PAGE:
Contemporary Western ideals of female beauty among the middle and upper classes during the nineteenth century called for a fair complexion. Unlike today’s preference for a healthy glow, whether acquired naturally or not, tanned faces were seen as a mark of the working woman who could not afford to live a leisurely life in the drawing rooms and parlours of the well-to-do. Changing fashions for smaller hats and the decline of bonnet wearing among younger women after the 1860’s led to the widespread adoption of the parasol as an accessory and means of protection from the sun. Cycling, by its very nature as an outdoor activity, exposed women to the elements, risking their delicate complexions and in 1896 Fred C. Ruffhead and Emil J. Scheer of Rochester, Monroe County, New York, came up with their idea for a bicycle parasol and support which was registered with the U.S. Patent Office as patent number US555025A.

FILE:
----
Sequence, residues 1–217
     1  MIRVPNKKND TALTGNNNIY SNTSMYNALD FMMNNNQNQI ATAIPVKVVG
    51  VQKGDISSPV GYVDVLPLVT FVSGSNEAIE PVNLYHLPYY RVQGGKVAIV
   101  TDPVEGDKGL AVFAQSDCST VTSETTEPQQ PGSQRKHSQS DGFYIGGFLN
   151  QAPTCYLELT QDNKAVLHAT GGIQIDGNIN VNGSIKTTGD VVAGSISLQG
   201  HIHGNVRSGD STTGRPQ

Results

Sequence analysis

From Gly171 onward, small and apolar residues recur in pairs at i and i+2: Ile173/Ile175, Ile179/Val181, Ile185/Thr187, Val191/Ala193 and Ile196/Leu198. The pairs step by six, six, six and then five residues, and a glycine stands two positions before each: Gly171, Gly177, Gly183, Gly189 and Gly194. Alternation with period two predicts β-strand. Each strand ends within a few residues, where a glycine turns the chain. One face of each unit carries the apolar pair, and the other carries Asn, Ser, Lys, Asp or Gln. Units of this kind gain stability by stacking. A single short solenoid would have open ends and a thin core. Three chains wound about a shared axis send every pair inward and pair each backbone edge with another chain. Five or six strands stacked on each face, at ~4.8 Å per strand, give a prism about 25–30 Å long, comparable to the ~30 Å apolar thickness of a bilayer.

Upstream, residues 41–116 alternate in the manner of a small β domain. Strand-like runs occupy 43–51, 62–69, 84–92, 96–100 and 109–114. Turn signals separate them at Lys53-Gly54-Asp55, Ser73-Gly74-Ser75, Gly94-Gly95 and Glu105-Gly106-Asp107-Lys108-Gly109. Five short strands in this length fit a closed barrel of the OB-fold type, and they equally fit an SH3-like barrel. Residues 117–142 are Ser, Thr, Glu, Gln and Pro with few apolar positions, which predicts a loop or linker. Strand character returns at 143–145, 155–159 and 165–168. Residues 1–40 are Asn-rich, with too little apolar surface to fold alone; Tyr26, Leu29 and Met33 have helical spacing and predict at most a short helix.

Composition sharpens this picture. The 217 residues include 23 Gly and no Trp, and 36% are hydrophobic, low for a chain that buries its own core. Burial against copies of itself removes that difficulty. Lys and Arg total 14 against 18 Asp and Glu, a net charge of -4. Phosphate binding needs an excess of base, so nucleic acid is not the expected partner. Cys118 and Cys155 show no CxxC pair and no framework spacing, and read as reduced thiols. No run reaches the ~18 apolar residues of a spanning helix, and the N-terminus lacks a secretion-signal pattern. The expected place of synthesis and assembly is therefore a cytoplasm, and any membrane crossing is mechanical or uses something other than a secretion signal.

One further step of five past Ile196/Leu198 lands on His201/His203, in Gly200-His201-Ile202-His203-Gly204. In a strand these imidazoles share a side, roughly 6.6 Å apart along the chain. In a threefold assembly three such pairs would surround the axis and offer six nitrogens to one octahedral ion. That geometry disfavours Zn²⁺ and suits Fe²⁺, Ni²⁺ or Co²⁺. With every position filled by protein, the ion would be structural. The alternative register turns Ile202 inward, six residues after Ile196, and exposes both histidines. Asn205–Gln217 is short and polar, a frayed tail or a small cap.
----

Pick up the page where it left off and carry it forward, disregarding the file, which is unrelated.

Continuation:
Their invention had as its object “to provide a parasol or umbrella which can be readily attached to and detached from the bicycle-frame, which is adapted for use on various kinds of bicycles or tricycles, and which may be readily adjusted both vertically and horizontally, so as to most effectually shade the rider of the vehicle.” The parasol could also be detached and carried in the hand like any normal parasol and could be folded and strapped to the bicycle when not in use.
The parasol handle itself consisted of three telescopic sections while an array of clamps, hinges, and brackets provided the means of mounting the parasol to the frame of the bicycle and for making vertical and horizontal adjustment to offer the optimal level of shade to a rider of any height. For those unlucky enough not to possess an adjustable parasol Ruffhead and Scheer kindly offered a modification which would hold any parasol in a clamp attached to the head tube.
While solving the problem of carrying a parasol in one hand while steering with the other, the invention wasn’t exactly aerodynamic and windy conditions must have affected handling a touch negatively. Having an upright metal pole slap bang in the middle of the rider’s line of sight was probably not a great idea either.
by Mike Dash
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